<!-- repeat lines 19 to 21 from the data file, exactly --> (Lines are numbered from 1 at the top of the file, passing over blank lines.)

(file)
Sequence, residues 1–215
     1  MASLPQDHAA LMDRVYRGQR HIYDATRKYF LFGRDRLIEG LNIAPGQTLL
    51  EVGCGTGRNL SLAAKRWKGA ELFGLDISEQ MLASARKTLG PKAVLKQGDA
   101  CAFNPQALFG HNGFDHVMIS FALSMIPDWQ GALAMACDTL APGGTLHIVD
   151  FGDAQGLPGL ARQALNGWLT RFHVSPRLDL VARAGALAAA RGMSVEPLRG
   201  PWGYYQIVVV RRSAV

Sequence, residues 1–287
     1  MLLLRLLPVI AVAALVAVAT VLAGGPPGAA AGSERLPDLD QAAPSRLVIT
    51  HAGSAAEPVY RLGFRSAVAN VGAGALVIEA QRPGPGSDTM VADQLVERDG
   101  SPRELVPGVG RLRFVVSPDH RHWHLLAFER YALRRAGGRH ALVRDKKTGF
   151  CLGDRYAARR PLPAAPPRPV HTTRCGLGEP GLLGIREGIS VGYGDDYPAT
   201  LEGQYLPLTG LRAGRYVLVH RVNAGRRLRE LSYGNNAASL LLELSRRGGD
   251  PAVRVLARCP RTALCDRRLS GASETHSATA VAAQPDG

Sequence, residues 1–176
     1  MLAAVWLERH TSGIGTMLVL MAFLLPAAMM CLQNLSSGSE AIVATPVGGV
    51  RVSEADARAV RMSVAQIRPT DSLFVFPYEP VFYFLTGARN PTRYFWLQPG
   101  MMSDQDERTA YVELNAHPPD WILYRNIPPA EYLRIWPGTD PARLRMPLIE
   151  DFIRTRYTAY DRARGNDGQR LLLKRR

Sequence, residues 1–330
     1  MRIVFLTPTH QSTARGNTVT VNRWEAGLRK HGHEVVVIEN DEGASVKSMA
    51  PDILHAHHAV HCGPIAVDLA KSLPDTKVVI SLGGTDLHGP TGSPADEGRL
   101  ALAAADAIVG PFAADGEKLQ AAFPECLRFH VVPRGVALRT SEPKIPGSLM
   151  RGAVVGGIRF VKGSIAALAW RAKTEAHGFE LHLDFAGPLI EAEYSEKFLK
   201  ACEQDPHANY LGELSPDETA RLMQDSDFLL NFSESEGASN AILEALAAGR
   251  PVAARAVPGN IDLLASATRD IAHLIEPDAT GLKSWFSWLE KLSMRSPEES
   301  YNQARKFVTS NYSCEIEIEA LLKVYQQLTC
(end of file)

Sequence, residues 1–330
     1  MRIVFLTPTH QSTARGNTVT VNRWEAGLRK HGHEVVVIEN DEGASVKSMA
    51  PDILHAHHAV HCGPIAVDLA KSLPDTKVVI SLGGTDLHGP TGSPADEGRL